I haven’t blogged since last fall…I think mostly because I felt disorganized about it. I didn’t feel like I had a real purpose behind my blogging–and I was WAY too caught up in our district’s roll-out of the Common Core standards.
My thoughts have been turning toward next year. I’ve got a list on my work computer on the Stickies app of all the things I think I want to do next year. Some of these things involve my team of middle school teachers, and some things involve just me and my interactions with students and curriculum.
1. Build Middle School Culture
This is top of my list for next year. Our school clientele has changed a lot in the last 5 years. With that came a new learning curve: I had to learn how to teach children whose parents weren’t as involved as I was used to. I had to learn how to communicate with children whose immediate response to classroom discipline was to become defensive and victimize themselves. My team and I have come to the realization that if we could build a strong middle school community, our students will more than likely engage more in their learning and interact more positively with each other and with school staff.
We are a K-8 site. Up through this year, our middle school wing has operated along with the K-6. For some things this is necessary for the purpose of running a school. However, for a lot of things, we can operate independently. We will have an earlier start time than the rest of the school next year. This is a great way to kick off our separation from the K-6–so our students get a real middle school experience.
We are still brainstorming other community-building ideas, but one we keep coming back to is having our back-to-school night separate from the K-6. Traditionally, we have had back-to-school night during the second week of school. We would like to have ours a day or two before school starts. We think this will break the ice somewhat for our new 7th graders and their parents, and give us a chance to reconnect with the 8th graders and their parents. We even thought about including a barbecue through the PTSA that night–with us cooking for the families. Nothing like food to bring people together!
2. More Differentiation
I really struggled with differentiation this year. I have finally come up with a way to use Khan Academy to help me target specific students and assign them specific content to help supplement the curriculum. We use Eureka Math/Engage New York, and while I appreciate the rigor of the curriculum, it is very bare bones. This is where I’ve used Khan Academy this year. It’s been helpful for some students, but I can’t help but think that if I monitored their progress with the program better, I could have helped them progress through the standards at a better pace. It took awhile, but if Khan Academy is to be used to its maximum potential, the coach (teacher) has to consistently monitor progress and plan for intervention according to the reports provided through the program.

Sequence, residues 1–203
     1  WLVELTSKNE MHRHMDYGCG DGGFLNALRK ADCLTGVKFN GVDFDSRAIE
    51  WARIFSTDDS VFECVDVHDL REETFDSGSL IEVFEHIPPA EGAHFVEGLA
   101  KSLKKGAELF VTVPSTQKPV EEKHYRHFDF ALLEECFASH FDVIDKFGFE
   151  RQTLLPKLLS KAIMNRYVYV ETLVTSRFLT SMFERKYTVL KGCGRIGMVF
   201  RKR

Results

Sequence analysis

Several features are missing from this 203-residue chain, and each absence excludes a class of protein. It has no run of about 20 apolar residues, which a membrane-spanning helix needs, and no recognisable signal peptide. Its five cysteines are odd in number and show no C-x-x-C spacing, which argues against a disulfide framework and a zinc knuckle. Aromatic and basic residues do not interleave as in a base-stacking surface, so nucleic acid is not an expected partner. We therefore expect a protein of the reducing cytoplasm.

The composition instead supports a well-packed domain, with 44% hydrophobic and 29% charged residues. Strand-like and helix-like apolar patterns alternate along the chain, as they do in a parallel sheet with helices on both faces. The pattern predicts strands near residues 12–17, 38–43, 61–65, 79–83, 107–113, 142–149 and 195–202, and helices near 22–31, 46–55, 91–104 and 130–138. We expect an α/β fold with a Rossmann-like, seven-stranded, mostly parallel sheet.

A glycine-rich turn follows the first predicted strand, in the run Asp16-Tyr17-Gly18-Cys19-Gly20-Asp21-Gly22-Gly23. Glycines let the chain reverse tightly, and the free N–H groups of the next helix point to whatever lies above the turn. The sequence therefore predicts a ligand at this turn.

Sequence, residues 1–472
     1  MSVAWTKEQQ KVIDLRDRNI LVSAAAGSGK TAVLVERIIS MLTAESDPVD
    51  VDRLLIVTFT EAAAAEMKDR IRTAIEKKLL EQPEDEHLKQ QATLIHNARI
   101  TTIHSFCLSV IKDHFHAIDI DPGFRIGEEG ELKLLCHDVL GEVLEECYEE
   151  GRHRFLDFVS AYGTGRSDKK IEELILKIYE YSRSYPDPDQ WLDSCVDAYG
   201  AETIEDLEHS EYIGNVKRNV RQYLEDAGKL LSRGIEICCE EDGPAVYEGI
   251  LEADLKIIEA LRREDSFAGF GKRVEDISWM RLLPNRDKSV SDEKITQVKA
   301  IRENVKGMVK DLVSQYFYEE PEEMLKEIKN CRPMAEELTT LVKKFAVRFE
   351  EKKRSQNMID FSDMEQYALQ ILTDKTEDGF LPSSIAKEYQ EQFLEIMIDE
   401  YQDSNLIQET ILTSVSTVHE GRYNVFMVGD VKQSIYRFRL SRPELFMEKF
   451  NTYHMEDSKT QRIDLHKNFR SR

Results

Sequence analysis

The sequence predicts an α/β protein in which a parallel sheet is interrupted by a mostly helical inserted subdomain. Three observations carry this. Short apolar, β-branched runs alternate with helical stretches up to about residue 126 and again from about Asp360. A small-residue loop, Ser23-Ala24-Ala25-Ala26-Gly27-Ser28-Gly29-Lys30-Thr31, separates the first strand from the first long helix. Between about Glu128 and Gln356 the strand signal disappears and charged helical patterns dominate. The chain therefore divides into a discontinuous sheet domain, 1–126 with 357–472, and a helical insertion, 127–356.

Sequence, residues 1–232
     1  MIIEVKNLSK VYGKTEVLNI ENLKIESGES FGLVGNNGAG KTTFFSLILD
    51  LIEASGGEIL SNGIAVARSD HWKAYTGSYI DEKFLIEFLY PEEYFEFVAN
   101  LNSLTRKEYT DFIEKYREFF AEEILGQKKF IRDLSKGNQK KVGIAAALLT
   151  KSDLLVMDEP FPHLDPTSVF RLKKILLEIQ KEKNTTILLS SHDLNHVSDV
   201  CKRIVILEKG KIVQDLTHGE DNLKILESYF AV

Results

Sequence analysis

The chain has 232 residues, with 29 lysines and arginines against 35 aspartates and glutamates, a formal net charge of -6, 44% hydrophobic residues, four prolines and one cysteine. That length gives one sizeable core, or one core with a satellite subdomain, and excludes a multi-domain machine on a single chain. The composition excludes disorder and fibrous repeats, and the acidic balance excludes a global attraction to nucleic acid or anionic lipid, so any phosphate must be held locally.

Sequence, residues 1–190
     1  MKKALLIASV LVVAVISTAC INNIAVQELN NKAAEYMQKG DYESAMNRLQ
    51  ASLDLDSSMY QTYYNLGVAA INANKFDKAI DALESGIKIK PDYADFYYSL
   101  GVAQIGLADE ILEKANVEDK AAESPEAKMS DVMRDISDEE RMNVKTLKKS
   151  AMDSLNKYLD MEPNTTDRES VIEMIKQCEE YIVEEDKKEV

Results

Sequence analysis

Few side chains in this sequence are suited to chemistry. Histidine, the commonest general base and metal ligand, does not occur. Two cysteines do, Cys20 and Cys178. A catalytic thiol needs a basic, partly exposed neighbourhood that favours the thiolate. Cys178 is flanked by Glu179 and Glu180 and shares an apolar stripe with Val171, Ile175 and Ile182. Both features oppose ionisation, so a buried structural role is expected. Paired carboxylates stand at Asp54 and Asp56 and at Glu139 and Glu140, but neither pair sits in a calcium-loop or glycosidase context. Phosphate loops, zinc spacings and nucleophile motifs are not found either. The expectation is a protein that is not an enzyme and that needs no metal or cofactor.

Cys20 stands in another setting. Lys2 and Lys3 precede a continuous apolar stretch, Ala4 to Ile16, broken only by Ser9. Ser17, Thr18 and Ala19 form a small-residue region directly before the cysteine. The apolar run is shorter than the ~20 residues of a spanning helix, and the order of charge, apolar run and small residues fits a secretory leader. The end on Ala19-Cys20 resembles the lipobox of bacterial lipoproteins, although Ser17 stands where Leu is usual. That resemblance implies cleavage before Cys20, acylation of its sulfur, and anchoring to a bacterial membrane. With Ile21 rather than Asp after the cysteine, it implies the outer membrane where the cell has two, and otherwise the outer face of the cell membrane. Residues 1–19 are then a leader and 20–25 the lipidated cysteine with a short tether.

3. Khan Academy
Our school does a great job of giving benchmark rewards for Accelerated Reader. Students are recognized at quarterly award ceremonies for their reading efforts, and they receive certificates and keychains with their benchmark point values on them: 5 points, 10 points…etc. I would like to do something similar with Khan Academy. I obviously want to start small and focus solely on my classroom students. Perhaps if it’s successful I can bring other grade levels on board. I watched a cool video presentation about how another teacher gives student recognition in Khan Academy. I think I’ll try out some of her ideas next year. Students love to compete and I think some of the ideas I saw there will help bring out their competitive edge.
4. Rubric grades–more structured.
I sent out a parent survey via Google Forms. One of the questions I asked was about how parents felt regarding rubric scores versus points-out-of-total. About half of the parents that have responded so far have had positive things to say about the rubric scores their students have received this year in my class. They like how the rubric scores convey their child’s understanding of the concepts they are learning. That being said, I think I need to tighten up how I collect information to formatively assess my students. I need to program more frequent assessments throughout the curriculum. Eureka Math/Engage NY (as I’ve said) is rigorous, but bare bones, and that goes for assessment opportunities as well. One module in the 8th grade program is 33 (or so) days long (and it took me much longer to get through it than that considering the curriculum is formulated for 75 minute class periods and ours are only 55 minutes), and there are only 2 assessment opportunities. I plan on going through the curriculum this summer to find some natural breaks within the modules where I can insert formative assessments.
I also need to re-word the standards into more family-friendly wording. I just cut and pasted the standards into my grading program this year, and I think they are hard to understand sometimes. They also combine many skills into one standard, so I plan to work on separating those out into single-skill statements over the summer so that they are ready to plug into my grade program from day one.
These are my must-do’s for the upcoming school year, and they’re going to require a lot of time on my part over the summer. I’m ready and willing to do it because I know the school year will run much more smoothly for me, the students, and the parents as a result.